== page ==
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Delivering a British-made Lorry in New Zealand.

3rd February 1925
Page 7
Page 7, 3rd February 1925 — Delivering a British-made Lorry in New Zealand.
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THERE are many British commercial vehicles in service in New Zealand, and a make which has achieved much popularity in the Dominion is the Albion, the makers of which are directly represented in that country. Some of the Albion lorries have particularly gruelling tasks to perform, but from reports of their running which have reached the Albion Motor Car Co„ Ltd., at Scotstoun, it is apparent that they are doing yeoman service in various spheres.

A vehicle which is likely to maintain the prestige built up by the company in this market is the 4-ton hydraulic tipping wagon illustrated on this page. This vehicle, which is fitted with a steel body, was recently delivered to its purchaser at Napier, a seaport on the east coast some 270 miles distance from Wallington, the point of departure.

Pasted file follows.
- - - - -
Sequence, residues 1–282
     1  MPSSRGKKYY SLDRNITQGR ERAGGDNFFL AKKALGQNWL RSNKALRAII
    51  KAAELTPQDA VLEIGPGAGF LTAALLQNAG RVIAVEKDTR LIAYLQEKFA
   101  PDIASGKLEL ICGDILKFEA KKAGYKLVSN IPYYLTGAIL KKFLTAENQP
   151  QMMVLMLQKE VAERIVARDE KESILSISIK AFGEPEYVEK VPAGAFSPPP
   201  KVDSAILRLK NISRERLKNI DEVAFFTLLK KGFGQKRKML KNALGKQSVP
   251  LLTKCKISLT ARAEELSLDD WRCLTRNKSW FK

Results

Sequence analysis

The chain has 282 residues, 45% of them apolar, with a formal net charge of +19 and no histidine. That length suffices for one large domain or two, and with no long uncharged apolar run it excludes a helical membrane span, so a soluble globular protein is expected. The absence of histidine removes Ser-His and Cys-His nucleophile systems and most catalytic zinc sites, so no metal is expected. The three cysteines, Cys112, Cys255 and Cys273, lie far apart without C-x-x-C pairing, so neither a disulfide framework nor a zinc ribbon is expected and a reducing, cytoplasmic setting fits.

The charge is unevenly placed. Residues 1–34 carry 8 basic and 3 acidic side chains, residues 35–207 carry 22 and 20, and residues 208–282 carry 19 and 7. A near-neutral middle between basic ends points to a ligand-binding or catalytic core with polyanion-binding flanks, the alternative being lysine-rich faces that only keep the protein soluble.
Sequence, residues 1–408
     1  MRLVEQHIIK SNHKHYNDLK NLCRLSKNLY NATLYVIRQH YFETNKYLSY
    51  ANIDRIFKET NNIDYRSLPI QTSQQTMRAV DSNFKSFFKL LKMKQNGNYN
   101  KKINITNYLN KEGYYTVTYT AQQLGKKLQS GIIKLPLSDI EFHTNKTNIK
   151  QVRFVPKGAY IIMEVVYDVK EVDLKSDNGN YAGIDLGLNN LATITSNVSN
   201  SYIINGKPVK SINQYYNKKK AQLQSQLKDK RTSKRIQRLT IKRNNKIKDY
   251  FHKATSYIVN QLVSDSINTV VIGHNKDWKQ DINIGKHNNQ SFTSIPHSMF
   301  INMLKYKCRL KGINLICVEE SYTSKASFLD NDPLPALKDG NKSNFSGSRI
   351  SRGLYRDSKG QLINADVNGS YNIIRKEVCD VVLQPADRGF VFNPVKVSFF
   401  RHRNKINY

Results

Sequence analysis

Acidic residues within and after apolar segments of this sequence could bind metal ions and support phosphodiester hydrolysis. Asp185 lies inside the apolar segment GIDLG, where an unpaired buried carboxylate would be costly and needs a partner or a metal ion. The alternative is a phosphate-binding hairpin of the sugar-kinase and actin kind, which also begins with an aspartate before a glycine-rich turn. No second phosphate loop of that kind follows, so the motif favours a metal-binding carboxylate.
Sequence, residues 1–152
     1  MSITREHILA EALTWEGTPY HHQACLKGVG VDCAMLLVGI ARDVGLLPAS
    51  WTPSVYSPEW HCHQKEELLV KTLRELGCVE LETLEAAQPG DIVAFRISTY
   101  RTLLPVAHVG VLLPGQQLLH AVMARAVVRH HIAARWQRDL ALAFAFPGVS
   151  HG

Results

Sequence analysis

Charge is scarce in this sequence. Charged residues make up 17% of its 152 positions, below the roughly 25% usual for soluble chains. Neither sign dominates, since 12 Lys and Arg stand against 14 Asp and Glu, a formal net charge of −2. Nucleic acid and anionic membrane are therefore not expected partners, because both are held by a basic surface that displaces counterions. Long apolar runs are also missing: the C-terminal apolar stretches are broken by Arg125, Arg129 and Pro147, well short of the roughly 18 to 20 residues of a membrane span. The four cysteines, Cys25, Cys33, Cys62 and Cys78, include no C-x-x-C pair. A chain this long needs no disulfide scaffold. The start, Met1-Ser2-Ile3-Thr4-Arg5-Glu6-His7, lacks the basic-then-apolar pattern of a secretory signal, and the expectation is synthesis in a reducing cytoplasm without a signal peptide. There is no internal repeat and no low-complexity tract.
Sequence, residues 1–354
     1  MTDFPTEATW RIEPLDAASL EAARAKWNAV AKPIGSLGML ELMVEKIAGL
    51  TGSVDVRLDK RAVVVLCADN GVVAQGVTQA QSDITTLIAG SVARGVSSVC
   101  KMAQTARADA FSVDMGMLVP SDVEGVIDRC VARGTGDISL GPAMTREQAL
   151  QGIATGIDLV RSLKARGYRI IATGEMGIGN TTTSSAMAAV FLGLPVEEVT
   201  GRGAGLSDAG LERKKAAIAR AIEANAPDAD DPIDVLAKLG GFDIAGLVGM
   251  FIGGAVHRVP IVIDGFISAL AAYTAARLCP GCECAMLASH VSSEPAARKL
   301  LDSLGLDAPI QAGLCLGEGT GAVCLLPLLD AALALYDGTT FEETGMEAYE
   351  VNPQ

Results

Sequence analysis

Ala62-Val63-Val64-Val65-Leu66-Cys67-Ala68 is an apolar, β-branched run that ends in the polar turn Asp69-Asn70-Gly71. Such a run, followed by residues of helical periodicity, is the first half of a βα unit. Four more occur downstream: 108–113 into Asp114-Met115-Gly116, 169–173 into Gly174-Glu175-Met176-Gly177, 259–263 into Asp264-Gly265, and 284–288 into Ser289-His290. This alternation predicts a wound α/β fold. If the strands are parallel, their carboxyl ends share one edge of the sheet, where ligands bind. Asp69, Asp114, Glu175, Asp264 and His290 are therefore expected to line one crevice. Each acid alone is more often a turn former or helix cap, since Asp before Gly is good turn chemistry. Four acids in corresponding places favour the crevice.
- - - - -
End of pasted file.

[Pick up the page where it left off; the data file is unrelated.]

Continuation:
The actual mileage separating, the two centres would be of little concern in a country with an intensive and welldeveloped road -system, but many natural obstacles militate against this progress in New Zealand, and the lorry had to pass through the most mountainous part of the North Island. Moreover, the road it traversed has many treacherous twists and turns throughout it length and passes over two ranges of mountains with deep gorges

and HIS of minor importance nestling between them. The maximum altitude reached by the road in places is 1,760 ft., and in some parts the route consisted of mere tracks, originally blazed out as a bush track by some of the earliest settlers in the country.

Incidents in the course of the lorry's journey are depicted in the illustrations on this page, one showing the vehicle passing through a burnt-out forest amid mountain ranges, and the other a bullock team—affording a striking contrast in transport methods—encountered en route.


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